BY İBRAHIM KARATAŞ
SEP 15, 2022 – DAILY SABAH
ATurkish-Syrian rapprochement seems imminent as the Turkish side disclosed its plans of reconciling the Syrian opposition it backed with the Assad regime. Mending relations is allegedly a project of Russia, which puts pressure on Türkiye to recognize the Syrian regime in return for the creation of a secure environment for the return of Syrian migrants currently living in Türkiye.
President Recep Tayyip Erdoğan has long worked to keep his country a safe haven for migrants but criticism from the Turkish people has come to an unbearable level that he has to find a permanent solution to the migrant problem to win next year’s presidential elections. As per Syria analysts such as Ömer Özkızılcık and Sinan Hatahet, this sudden change in Ankara’s Syrian policy is seen as a way to show Moscow that regime leader Bashar Assad will not reconcile, and to convince the Turkish people that the government is doing its best to send migrants back their home.
Indeed, for its part, Assad does not have to restore relations with Türkiye since the absence of 10 million anti-regime Syrians lightens the burden of his regime and feels safe as there will be no significant opposition. However, he may still want reconciliation to balance the post-Joint Comprehensive Plan of Action (JCPOA) Iranian influence in Syria, recover the economy and win a victory over the opposition by cutting it off from its last supporter in the region.
While it is unclear how serious Ankara and Damascus are, those to be affected by the revival of relations, namely Syrian migrants, are worried about the latest developments. Türkiye hosts 3.7 million Syrian migrants currently. After escaping from the regime’s oppression and the ongoing civil war, many have created a new life in Türkiye. However, besides rising anti-migrant sentiments instigated by Turkish far-right groups, the possibility of returning back to Syria has alarmed many of them.
After official confirmation of the desire to repair diplomatic relations with the Syrian regime by the Turkish government, slow but growing mobility has started among the Syrian migrant community. While some Syrians don’t know what to do, some have already prepared or taken action for the worst scenario. Ali T., an accountant in Gaziantep, a city on the Syrian border with 500.000 migrants, says he has already lost six Syrian businesspeople, two of whom fled to Germany and Canada. Others are also looking for ways to emigrate to Europe, he added. The amount given to human traffickers per family is $10,000, the accountant also said.
A few other Syrians interviewed in Istanbul showed videos of the bombardment of the Syrian regime on the town of al-Bab. They claim the regime will not allow them to live in a peaceful environment when they return. Ammar Saed, a Syrian migrant, says they will knock on the gates of Europe instead of Syria. Another migrant Mahmoud Salem added that xenophobia is at its peak level in Türkiye and has ruined their hope of living in Türkiye.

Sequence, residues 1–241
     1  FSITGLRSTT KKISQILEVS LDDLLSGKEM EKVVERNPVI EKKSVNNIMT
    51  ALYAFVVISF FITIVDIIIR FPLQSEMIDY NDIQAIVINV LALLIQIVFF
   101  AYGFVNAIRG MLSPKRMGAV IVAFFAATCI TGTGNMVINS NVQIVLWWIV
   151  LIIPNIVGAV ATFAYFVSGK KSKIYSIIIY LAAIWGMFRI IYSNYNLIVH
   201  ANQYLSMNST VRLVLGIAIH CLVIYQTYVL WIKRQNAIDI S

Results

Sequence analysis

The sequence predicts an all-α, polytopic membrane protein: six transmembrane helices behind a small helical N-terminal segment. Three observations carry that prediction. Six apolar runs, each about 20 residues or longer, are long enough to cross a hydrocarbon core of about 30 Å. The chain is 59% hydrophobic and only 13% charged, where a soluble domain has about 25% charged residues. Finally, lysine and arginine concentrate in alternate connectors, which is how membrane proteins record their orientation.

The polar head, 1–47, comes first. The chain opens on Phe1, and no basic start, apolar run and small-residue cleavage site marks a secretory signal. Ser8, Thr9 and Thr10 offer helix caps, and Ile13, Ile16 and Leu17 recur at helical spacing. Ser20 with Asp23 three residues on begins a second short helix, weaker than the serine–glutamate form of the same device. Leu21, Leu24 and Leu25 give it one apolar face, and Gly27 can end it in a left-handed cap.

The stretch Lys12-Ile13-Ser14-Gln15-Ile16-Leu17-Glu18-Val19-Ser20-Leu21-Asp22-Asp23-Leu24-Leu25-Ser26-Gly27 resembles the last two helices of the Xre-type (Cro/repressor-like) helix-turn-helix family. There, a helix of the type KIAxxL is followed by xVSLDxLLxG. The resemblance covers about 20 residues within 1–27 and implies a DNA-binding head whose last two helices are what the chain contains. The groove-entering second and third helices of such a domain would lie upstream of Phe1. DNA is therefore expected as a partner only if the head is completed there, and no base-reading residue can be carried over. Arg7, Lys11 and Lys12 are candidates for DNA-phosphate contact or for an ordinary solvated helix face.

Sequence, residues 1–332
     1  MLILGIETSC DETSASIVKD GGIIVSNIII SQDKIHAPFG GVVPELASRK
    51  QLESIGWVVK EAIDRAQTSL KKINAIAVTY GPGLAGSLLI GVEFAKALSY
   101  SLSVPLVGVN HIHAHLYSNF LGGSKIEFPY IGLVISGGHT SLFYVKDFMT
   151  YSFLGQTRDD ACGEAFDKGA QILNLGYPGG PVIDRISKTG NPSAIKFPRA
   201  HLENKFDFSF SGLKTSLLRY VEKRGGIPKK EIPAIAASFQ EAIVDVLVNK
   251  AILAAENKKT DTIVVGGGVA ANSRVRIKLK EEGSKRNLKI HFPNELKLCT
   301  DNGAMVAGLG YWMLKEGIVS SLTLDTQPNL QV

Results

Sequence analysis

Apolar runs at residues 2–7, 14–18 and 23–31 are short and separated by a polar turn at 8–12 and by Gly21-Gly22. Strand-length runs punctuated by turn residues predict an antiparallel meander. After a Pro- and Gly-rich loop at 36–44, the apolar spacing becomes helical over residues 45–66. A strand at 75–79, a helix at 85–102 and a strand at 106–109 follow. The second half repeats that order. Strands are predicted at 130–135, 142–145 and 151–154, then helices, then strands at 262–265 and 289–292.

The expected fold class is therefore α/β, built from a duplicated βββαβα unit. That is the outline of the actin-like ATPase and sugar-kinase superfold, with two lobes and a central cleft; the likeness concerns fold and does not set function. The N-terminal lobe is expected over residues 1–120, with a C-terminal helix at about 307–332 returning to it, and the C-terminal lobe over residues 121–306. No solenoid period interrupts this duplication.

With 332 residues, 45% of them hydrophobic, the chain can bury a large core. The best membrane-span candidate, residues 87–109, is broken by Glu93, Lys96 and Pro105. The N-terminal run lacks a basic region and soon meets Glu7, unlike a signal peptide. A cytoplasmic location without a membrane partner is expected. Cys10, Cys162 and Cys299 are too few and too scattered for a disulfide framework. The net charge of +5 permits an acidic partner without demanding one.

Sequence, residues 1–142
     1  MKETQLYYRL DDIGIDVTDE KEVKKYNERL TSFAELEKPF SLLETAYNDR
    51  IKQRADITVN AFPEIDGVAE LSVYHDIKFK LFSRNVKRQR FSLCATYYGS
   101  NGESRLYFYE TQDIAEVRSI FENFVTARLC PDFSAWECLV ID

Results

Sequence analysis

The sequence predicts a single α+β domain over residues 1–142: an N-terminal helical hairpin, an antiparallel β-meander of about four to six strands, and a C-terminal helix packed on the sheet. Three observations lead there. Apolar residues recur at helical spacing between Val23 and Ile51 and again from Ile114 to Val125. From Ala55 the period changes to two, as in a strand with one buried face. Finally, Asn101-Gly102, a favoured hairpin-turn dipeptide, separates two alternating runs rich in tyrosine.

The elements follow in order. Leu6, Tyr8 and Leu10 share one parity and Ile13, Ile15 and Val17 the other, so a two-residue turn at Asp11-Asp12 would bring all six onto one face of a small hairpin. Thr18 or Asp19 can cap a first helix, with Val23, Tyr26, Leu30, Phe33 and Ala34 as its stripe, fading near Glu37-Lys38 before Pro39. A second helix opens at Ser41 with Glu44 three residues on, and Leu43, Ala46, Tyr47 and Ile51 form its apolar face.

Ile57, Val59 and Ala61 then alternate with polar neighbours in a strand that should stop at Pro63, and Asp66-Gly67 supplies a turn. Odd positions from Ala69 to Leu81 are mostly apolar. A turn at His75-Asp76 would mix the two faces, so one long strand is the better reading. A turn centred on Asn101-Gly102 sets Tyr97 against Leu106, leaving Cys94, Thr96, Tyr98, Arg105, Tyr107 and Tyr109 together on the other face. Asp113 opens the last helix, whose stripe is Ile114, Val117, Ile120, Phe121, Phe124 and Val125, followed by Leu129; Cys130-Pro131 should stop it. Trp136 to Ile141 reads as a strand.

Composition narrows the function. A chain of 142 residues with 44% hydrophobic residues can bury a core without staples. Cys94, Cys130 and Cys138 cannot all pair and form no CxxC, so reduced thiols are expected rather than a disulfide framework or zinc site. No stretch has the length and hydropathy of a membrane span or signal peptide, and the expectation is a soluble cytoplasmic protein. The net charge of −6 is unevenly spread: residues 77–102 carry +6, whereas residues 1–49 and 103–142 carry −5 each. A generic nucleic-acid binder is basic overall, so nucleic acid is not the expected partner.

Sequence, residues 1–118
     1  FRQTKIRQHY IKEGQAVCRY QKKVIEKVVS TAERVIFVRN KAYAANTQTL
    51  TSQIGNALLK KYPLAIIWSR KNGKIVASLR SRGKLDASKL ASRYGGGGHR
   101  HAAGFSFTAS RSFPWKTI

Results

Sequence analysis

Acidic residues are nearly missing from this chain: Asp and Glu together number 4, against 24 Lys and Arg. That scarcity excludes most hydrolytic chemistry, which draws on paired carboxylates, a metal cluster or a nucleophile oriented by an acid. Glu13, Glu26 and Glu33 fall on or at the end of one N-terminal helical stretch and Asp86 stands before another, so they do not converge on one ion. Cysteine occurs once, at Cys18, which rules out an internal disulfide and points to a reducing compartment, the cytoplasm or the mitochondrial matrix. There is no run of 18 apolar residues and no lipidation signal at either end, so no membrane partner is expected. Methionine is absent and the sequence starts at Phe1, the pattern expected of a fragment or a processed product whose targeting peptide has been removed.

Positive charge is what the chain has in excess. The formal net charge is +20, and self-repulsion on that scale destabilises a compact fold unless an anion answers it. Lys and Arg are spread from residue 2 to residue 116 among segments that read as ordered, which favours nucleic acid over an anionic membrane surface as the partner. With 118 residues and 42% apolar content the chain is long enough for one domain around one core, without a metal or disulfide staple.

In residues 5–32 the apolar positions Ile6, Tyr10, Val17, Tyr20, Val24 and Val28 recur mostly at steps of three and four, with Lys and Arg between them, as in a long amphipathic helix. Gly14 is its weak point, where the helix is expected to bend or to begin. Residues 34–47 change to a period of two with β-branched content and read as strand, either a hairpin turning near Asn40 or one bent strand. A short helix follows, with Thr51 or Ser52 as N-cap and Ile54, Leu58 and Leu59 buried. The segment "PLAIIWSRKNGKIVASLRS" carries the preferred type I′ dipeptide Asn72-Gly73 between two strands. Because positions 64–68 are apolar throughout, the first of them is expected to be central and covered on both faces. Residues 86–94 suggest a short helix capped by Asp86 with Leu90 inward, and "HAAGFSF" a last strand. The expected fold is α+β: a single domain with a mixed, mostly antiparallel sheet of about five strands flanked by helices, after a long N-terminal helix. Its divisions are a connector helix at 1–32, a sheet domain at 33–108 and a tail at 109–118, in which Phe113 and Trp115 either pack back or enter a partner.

Syrian nongovernmental organizations (NGOs) based in Türkiye also confirmed that the new destination for migrants will be European countries. An official from a Syrian association said many people have reapplied to the EU for asylum, and some are trying to go to Serbia from where they can reach Germany. Some Syrian migrants have already moved to Egypt, he added. Besides, some Syrian NGOs are thinking of relocating to Irbil.
The fear among Syrians is apparent and shows that they will head to Europe. The EU-Türkiye migration deal may not be enough to stop the refugee influx as the Turkish side isn’t in a position to stop them. While EU countries joined the U.S.-led coalition fighting Daesh, they did not exert much diplomatic effort for upholding peace in Syria. It is obvious that as long as the Russia and Iran-backed Assad regime is still in power, the displaced Syrian people won’t return. If Türkiye is no longer safe, Western European countries will be their new destination.
If the EU doesn’t contribute to plans prepared for the future of Syrian migrants, it will have another but this time bigger migrant problem. Unlike its immobile stance in the past, the EU should focus on the source of the problem (the Assad regime) and solve it in its origin (Syria). How the migration problem hurt Türkiye in the last decade and Europe between 2013 and 2015 should be a lesson learned and should compel European leaders to act fast. Otherwise, the new wave of refugees may shake the continent worse than before.
ABOUT THE AUTHOR
Holder of a Ph.D. in International Relations